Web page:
Last week I encountered one of those problems that you just can't work out, but end up kicking yourself when you do as it's such a school-boy error.
I had written an Agent to accept and log requests for files before redirecting the user to the download. The file's name was passed as a paramater. All worked fine until one of the files contained an & in the name. Although I'd done all the usual stuff of encoding the file name before calling the agent the code was still only using the part of the file name before the &.
The reason it turns out was obvious and rooted in my own code in the WebSession class. The method called URLQueryString(), which works just like its @function equivalent, had been made to work with the value of the Query_String_Decoded field as the raw data. See the problem?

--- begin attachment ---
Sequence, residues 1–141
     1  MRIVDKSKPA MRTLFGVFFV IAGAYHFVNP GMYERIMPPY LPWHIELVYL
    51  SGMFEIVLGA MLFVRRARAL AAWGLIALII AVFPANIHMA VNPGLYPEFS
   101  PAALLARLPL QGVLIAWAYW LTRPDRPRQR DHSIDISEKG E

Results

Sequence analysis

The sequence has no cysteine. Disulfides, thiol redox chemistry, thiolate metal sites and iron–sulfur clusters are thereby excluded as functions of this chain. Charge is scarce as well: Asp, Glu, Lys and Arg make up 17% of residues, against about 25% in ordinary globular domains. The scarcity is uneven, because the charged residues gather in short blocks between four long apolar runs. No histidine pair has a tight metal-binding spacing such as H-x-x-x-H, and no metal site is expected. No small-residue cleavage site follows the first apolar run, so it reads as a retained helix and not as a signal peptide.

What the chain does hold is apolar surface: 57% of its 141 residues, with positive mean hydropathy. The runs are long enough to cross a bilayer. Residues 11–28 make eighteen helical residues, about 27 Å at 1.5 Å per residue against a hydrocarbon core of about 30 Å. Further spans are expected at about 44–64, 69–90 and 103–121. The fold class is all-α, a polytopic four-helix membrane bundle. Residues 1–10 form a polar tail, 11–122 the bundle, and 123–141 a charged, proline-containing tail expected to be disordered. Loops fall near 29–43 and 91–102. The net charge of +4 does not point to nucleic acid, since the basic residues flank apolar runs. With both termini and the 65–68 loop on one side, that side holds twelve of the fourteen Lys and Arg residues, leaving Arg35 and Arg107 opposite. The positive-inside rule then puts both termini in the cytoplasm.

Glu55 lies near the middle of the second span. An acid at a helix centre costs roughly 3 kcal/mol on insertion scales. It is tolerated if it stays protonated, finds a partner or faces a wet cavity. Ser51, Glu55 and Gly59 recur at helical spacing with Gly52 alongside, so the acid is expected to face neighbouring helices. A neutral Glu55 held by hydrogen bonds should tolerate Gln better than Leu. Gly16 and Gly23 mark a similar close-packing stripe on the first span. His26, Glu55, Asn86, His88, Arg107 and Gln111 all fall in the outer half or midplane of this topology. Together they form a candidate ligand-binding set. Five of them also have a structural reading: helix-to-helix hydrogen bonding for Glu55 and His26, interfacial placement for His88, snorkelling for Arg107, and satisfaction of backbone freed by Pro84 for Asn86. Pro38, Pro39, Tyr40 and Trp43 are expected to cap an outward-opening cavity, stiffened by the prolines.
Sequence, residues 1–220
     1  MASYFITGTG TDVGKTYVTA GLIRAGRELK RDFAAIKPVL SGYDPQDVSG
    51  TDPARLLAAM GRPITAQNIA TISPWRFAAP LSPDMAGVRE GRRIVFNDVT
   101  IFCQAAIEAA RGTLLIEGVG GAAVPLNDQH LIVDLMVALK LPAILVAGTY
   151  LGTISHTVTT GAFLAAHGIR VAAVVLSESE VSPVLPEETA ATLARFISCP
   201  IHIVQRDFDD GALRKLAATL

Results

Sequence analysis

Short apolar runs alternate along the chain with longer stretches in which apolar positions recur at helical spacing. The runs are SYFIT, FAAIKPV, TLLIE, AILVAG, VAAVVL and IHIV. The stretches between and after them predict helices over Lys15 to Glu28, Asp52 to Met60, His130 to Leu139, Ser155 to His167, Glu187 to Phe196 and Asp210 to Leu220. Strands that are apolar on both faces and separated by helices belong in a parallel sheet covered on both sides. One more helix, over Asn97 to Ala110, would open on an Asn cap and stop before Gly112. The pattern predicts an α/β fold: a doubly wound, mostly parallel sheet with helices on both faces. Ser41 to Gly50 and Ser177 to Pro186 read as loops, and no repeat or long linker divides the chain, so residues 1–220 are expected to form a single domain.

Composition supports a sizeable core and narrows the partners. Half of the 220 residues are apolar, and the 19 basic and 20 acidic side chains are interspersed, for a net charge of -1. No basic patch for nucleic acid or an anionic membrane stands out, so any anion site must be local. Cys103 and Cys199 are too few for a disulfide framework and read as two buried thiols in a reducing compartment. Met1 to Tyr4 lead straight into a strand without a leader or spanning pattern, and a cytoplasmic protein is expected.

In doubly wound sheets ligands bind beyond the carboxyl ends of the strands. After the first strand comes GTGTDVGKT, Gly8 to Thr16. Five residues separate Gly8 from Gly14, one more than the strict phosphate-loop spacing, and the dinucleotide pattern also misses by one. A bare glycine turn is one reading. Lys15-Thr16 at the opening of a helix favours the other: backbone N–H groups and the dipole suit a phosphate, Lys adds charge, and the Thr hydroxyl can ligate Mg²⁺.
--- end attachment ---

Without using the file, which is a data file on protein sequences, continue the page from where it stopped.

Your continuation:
If you use that class in any databases you might want to go and change the way it uses the decoded query string field and use the normal Query_String field instead. The offending line looks like this:
Let Me.query = Me.document.Query_String_Decoded(0)
This has been a painful lesson for me as I've used the code in all and everything I've worked on recently -- such is my love for it -- and have had to work my way through them all, updating each Script Library.
It all reminds me though that I need to update the original download with this and the other improvements I've since made to the class. Others have improved on it too, which is always nice to see. Tanny O'Haley has for one. As has Michel Van Der Meiren, whose customised version shows how easy it is to tailor to the needs of your own application.